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curing in cooler weather? - Forno Bravo Forum: The Wood-Fired Oven Community

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Dear forum users,
Thank you for your patience with the Photo galleries. We've got your galleries online!
We have finished writing a custom script to migrate the PhotoPlog to vBulletin5’s albums.

Unfortunately V-Bulletin killed the "Photoplogs" in their software upgrade which was unforeseen and we're the first development group to have written a script for getting the galleries back... that said, it took some time to reverse engineer the code and get the albums to move over seamlessly!

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curing in cooler weather?

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  • curing in cooler weather?

    I am getting ready to put together my casa 2g100 in about a week, and am wondering how the curing process of the high temp mortar, that came with the modular oven, will do in cooler weather? I am in higher-elevation Colorado, it is warm in the daytime, but temps. are occasionally still falling below freezing at night. Any thoughts or advice?

    Thank you.

  • #2
    Re: curing in cooler weather?

    You should insulate the dome before you start to cure. Then leave a halogen work light on inside the oven, with the door opening closed off (just dry-stack bricks outside it) for a couple of days. This will drive off some of the water and warm the bricks all the way through, which, with the insulation in place, should keep the temperature from dropping too much between your actual curing fires.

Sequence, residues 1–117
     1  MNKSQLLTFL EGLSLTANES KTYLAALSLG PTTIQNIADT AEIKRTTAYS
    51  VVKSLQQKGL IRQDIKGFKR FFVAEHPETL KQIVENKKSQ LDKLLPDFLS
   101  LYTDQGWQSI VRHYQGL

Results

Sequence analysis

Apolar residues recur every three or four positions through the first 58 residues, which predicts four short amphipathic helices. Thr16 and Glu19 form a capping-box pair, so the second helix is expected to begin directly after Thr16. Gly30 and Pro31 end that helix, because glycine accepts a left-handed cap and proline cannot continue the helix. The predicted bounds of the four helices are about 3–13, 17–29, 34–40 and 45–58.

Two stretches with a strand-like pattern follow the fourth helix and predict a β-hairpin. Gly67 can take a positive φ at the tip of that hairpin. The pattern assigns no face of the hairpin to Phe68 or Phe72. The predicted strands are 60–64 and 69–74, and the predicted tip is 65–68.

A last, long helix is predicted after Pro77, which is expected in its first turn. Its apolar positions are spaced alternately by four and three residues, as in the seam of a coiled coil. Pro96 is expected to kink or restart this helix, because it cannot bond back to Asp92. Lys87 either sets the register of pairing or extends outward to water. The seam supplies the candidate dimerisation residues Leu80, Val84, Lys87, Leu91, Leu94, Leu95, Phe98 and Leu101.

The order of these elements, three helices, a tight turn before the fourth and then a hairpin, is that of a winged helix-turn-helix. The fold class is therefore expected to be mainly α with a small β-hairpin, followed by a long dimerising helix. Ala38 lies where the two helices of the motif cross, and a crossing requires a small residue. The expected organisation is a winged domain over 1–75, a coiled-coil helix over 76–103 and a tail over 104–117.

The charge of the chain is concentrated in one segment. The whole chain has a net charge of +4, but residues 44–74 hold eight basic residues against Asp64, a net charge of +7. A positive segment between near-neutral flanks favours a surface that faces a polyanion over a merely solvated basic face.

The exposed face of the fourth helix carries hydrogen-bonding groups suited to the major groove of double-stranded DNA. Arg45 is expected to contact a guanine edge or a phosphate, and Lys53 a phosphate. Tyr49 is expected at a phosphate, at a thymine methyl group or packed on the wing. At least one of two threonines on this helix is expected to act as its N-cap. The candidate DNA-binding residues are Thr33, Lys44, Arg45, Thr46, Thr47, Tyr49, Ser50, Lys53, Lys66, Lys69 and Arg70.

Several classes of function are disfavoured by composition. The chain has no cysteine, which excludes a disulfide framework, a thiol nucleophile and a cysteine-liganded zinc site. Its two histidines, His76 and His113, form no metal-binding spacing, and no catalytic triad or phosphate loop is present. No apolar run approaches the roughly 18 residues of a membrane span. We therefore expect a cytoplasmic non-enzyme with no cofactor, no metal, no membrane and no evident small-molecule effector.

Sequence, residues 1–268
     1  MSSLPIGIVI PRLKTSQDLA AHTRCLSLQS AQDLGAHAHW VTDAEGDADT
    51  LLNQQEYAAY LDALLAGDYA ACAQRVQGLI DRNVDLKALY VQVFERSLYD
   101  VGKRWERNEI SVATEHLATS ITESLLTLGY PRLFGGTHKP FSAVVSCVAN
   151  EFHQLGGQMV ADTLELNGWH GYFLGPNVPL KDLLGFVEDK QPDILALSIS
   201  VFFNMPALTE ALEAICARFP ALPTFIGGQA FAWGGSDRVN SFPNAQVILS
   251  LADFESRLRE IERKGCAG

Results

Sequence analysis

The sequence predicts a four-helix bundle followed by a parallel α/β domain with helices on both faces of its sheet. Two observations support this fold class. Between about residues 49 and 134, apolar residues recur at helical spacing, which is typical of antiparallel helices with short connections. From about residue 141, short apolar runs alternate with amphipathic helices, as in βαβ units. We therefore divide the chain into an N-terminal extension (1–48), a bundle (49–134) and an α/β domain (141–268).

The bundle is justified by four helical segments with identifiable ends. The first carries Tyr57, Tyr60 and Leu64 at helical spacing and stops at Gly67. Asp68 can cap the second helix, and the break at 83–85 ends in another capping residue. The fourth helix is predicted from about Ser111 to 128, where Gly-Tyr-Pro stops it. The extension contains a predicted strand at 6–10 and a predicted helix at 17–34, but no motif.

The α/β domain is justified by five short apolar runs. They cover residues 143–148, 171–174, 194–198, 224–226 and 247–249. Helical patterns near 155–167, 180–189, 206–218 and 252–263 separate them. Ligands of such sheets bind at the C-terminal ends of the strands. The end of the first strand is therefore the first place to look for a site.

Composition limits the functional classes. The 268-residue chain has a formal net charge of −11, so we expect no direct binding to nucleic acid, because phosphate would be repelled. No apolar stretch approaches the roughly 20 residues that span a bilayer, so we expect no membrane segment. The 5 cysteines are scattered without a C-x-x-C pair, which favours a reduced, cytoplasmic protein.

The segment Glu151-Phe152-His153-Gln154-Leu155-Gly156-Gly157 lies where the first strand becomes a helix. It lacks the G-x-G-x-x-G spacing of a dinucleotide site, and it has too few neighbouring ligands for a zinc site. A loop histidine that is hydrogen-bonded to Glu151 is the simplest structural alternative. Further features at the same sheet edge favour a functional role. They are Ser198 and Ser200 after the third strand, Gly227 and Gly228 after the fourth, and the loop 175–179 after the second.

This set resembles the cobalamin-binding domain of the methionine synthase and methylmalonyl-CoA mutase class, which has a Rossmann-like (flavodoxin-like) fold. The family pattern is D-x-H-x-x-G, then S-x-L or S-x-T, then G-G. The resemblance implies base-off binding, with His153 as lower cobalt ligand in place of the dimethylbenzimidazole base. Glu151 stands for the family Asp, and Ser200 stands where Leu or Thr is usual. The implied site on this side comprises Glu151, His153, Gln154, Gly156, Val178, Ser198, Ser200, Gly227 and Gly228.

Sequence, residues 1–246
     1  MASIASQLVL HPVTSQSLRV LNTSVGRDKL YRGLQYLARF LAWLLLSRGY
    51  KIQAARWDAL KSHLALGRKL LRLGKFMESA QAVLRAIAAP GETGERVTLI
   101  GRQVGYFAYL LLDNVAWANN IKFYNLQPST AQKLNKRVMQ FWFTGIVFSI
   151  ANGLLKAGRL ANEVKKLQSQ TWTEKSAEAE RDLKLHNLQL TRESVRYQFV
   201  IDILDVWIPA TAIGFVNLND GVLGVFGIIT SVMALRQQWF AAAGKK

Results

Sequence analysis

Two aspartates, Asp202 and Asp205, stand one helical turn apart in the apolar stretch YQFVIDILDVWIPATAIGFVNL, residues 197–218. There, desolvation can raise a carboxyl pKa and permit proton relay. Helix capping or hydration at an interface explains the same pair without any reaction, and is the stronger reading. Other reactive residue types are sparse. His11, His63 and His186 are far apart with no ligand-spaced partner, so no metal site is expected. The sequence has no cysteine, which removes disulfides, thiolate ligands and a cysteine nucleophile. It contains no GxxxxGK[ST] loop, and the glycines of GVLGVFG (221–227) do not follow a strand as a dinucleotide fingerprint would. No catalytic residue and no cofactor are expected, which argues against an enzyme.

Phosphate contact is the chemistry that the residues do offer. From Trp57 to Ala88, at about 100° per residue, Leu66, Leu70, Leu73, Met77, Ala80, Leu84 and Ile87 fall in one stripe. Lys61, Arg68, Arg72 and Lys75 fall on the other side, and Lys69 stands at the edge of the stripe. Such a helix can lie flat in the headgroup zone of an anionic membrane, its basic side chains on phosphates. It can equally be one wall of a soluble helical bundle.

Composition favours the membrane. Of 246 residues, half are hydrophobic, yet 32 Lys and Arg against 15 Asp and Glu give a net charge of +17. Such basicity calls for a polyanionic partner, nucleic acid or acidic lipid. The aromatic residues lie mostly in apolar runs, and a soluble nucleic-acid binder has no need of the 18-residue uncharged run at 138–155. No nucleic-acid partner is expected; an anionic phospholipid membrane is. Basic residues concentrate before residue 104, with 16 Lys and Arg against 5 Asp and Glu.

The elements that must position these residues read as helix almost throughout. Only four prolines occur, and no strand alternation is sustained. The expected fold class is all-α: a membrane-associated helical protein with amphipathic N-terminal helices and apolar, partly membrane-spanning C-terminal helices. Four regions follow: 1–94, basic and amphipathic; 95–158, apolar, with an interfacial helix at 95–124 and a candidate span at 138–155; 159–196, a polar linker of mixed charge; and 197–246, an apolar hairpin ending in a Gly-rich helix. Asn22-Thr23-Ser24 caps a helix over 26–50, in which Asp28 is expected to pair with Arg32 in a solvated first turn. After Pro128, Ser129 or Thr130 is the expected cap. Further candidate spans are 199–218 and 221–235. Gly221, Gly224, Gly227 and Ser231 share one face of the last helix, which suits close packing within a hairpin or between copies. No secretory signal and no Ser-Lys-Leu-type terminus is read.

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    • #3
      Re: curing in cooler weather?

      A lot of folks cure with the insulation off, this allows the moisture to escape rather than being trapped.
      The English language was invented by people who couldnt spell.

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      • #4
        Re: curing in cooler weather?

        I did as Brickie mentioned - cured my oven in December with the insulation off - went low and slow with a propane burner. I could not believe how much moisture was in the dome. When I decided to cure without the insulation, I was really concerned about trapping water. It was cool to see steam coming off the dome during the cure though!
        Jen-Aire 5 burner propane grill/Char Broil Smoker

        Follow my build Chris' WFO

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        • #5
          Re: curing in cooler weather?

          If your insulation is vemacrete it is quite porous. As long as it can vent at the top of the dome, moisture will escape just fine during the curing process.

          If your final dome finish is either a portland stucco or an acrylic stucco, it is wise to leave a small (1 inch or so) vent in the top in any case. This can be covered with a loose cap to prevent precipitation form entering. I also placed 4 one inch vents at the structural slab level into the insulation layer.
          Last edited by Neil2; 04-29-2012, 04:00 PM.

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